Laurel Brunner of the Verdigris Project recently came across the Reifenhäuser group as part of a project looking into recyclable packaging materials and developments.

Such things as weatherstripping and fencing, window frames, plastic films and sheeting are produced by melting plastic and shaping it into a particular product. Plastic films and sheeting produced in this way are used in packaging to provide food safe barriers and mechanical stability.

Reifenhäuser has now caught the sustainability bug and is working on coatings and sheet plastics that support the circular economy. What makes the company interesting is not so much its products, which most of us in this sector will have no reason to bother with; it is the commitment of a largish company to supporting environmental impact mitigation. Given Reifenhäuser’s history, the alternative may well be extinction. Still that more sustainable coatings are being developed has to be a good thing.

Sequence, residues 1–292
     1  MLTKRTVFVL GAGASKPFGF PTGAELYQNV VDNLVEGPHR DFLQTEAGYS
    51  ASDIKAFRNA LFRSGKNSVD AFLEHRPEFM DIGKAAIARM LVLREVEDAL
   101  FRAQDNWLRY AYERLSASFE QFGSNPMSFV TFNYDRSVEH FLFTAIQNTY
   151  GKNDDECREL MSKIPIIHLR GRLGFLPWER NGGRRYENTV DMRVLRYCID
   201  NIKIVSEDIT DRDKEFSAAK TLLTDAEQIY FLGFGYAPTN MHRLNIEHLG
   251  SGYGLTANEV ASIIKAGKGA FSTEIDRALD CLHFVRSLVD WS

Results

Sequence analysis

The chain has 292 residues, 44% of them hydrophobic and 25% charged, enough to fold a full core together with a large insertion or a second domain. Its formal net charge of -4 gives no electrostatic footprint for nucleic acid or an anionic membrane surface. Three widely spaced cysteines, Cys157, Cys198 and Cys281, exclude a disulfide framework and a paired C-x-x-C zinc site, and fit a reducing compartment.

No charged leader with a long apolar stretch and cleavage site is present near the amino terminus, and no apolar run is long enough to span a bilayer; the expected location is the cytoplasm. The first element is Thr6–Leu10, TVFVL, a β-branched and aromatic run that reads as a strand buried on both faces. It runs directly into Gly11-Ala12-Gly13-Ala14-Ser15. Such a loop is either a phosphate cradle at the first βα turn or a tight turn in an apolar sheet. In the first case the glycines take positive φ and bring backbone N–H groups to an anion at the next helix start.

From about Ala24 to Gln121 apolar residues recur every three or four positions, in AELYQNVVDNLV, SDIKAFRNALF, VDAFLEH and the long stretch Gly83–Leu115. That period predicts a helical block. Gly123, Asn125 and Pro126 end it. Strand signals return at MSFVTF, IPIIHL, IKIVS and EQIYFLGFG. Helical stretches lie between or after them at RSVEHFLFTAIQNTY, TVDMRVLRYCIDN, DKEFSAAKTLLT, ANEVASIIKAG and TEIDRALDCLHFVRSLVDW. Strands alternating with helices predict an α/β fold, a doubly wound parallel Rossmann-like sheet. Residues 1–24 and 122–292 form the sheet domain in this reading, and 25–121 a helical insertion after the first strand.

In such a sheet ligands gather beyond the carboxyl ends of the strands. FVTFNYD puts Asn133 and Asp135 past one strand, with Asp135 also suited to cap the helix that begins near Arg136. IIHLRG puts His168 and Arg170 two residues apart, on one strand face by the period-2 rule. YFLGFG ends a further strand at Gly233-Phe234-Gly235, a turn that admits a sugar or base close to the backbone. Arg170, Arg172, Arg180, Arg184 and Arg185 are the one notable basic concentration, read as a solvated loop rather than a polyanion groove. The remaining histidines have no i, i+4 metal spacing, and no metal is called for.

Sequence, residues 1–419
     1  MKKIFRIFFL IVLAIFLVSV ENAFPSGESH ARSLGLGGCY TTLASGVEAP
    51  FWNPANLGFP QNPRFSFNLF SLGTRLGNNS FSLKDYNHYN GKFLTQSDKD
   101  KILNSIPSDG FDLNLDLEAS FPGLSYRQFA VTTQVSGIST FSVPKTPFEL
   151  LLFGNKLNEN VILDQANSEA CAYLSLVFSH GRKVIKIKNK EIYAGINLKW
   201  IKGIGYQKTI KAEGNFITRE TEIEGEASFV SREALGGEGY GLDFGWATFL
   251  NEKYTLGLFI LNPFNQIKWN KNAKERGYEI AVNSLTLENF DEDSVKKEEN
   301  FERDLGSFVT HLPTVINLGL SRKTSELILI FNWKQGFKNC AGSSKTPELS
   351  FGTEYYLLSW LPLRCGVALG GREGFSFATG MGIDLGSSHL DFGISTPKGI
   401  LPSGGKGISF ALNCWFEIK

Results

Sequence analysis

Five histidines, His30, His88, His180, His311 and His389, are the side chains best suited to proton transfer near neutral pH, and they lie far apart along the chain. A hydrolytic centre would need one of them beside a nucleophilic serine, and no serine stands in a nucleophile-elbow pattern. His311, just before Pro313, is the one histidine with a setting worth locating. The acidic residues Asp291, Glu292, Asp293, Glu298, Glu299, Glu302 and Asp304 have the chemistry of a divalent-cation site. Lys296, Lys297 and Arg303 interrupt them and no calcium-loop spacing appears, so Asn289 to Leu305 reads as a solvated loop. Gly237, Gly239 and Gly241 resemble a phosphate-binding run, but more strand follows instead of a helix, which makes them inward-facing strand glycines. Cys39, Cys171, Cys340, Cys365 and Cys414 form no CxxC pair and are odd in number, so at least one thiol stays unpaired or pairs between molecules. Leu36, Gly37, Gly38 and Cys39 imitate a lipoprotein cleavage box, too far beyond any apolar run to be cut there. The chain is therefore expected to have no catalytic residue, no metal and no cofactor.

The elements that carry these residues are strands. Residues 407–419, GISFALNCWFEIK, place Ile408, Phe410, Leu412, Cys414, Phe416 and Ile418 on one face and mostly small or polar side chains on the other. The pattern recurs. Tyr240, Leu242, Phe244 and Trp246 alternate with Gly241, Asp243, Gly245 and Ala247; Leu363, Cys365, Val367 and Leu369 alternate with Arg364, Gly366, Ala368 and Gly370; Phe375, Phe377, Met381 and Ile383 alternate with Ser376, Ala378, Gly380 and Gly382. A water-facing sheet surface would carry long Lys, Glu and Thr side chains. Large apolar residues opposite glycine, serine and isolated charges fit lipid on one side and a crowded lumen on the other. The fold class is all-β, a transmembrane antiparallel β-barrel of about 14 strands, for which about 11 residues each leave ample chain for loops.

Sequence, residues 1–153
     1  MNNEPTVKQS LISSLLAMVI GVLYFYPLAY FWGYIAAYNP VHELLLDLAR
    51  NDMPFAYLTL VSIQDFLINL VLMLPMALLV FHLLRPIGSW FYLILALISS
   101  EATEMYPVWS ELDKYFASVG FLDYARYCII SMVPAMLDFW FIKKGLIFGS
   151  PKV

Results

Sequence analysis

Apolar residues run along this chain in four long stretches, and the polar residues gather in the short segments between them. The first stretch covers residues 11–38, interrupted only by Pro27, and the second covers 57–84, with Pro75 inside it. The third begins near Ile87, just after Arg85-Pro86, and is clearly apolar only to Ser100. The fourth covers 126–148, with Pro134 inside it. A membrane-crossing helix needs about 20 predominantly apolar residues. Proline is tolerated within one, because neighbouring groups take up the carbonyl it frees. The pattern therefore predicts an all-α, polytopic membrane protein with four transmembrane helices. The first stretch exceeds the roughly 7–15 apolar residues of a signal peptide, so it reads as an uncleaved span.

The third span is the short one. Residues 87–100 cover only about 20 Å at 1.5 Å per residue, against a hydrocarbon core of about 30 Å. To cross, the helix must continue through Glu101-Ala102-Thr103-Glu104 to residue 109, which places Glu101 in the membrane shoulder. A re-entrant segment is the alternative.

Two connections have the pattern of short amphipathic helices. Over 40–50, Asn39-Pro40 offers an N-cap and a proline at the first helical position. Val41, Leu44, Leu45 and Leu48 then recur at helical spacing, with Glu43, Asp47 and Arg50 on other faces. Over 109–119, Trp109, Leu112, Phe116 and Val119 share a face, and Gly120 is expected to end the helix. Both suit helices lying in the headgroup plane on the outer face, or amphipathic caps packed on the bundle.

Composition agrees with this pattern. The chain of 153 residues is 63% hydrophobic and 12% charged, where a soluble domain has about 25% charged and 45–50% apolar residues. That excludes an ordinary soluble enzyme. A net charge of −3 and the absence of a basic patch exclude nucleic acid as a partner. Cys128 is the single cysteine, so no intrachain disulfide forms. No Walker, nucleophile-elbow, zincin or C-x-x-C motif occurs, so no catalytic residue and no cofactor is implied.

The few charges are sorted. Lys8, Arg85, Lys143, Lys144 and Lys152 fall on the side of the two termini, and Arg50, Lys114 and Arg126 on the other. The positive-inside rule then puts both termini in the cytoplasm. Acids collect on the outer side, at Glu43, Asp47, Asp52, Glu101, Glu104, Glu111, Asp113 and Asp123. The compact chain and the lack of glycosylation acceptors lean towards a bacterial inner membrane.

The company has developed a flexible packaging material for things like stand-up pouches and plastic bags. It is made from polypropylene or polyethylene that can be recycled. The material does not include the usual polyamides, which add barrier properties and mechanical strength but which are tricky to recycle.

This probably doesn’t much matter to commercial printers or those in the sign and display sector. But it should be of interest, because these new materials will at the very least pose a colour management challenge. Printing systems used to produce collateral material for a marketing project or exhibition that involves packaged displays will need to understand how these new materials behave in production.

As always, it is the substrate that determines colour accuracy, and if we are to ensure common colour appearance across production lines, these new products will need testing and evaluation. That will be true within commercial as well as packaging production lines. Commercial printers may find themselves being asked to match colour to a package, rather than a proof.

This article was produced by the Verdigris Project, an industry initiative intended to raise awareness of print’s positive environmental impact. Verdigris is supported by: FESPA (, Fujifilm (, HP (, Kodak (, Practical Publishing (, Miraclon (, Unity Publishing ( and Xeikon (